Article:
The Real Influencers – bell hooks

Tiago Barreiro

Fatimah Jackson, Contributor

“The Real Influencers” is a series that highlights important figures whose ideas and work continue to be relevant to younger generations. Every episode is released to coincide with the figure’s birthday. In this episode, contributor Fatimah Jackson explains how author and feminist bell hooks highlighted the plight of Black women in America.

Gloria Jean Watkins, known by her pen name bell hooks, is an American activist, author and scholar most notable for writing about issues such as race, sexism, sexual identity and class. In many of her publications, hooks frequently discusses the relationship between race and sexism in American society. hooks often addressed how women of color — specifically Black women — were left out of conversation regarding female liberation. hooks intentionally used lowercase to shift the importance away from her name and on to the ideas expressed in her books.
hooks was born on Sept. 25, 1952, in Hopkinsville, Kentucky in a segregated Southern community. She was able to attend Stanford University to earn her bachelor’s in English literature and later went on to get her master’s degree and her doctorate.

With the Black Lives Matter movement dominating our social and political sphere, many of the messages that were expressed in her works still hold relevance. Since the beginning of the movement back in 2013 following the murder of Trayvon Martin, Black Lives Matter has served as the voice for Black men and women affected by police brutality. The movement has been given a resurgence of attention in the aftermath of the deaths of George Floyd and Breonna Taylor.

“When Black people are talked about, the focus tends to be on Black men; and when women are talked about the focus tends to be on white women.

– bell hooks


With the overwhelming worldwide support of the Black Lives Matter movement, understanding the racial hierarchy in the United States will bring justice to the people affected by systemic racism. People often don’t remember the names of the Black women who have suffered from police violence and their stories are forgotten.

Ideas surrounding intersectionality and Black liberation can be seen in one of her books, “Ain’t I A Woman.” It questioned racial hierarchy and African American patriarchy. hooks also critiqued how the conversation about race in regards to Black people and feminism rarely focuses on the perspectives of Black women. hooks explains that, “When Black people are talked about the focus tends to be on Black men; and when women are talked about the focus tends to be on white women.”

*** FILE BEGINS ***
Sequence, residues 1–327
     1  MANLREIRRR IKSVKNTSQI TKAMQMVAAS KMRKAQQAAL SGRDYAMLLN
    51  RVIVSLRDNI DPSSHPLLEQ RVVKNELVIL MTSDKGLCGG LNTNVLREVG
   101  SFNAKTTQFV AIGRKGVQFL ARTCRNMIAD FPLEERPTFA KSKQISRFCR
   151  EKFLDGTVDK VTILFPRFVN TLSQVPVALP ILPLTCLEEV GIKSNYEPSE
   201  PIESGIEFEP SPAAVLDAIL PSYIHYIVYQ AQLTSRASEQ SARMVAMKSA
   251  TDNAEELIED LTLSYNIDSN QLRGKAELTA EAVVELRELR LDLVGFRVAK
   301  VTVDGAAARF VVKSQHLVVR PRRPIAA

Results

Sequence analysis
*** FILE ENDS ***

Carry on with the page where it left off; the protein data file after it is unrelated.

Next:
Intersectional issues tend to be viewed through a one-dimensional lens — one that excludes women of color. hooks was able to see this divide in society and did her best to educate readers about the perspectives of Black women. By pointing out how women of color endured prejudice due to their ethnic identities and gender, hooks provided a voice to an often forgotten community.

Reading her work helped me understand how sexism and racism affect me on a wider scale. When reading the first book that hooks published, I was floored by how articulately she explained the systemic aspects of racism and sexism that affected Black women.

Many of the ideas regarding feminism and how women of color are excluded from it were ideas that I had noticed but didn’t know how to verbalize. I had seen that Black women were often neglected in many forms of society, especially in the media. hooks states that “One only has to look at American television twenty-four hours a day for an entire week to learn the way in which Black women are perceived in American society,” a sentiment that I believe still rings true today.

The issues that bell hooks discusses in her pieces speak, not only to me, but to generations of Black women who have been overlooked in the discussion of race and underrepresented in the fight for gender equality.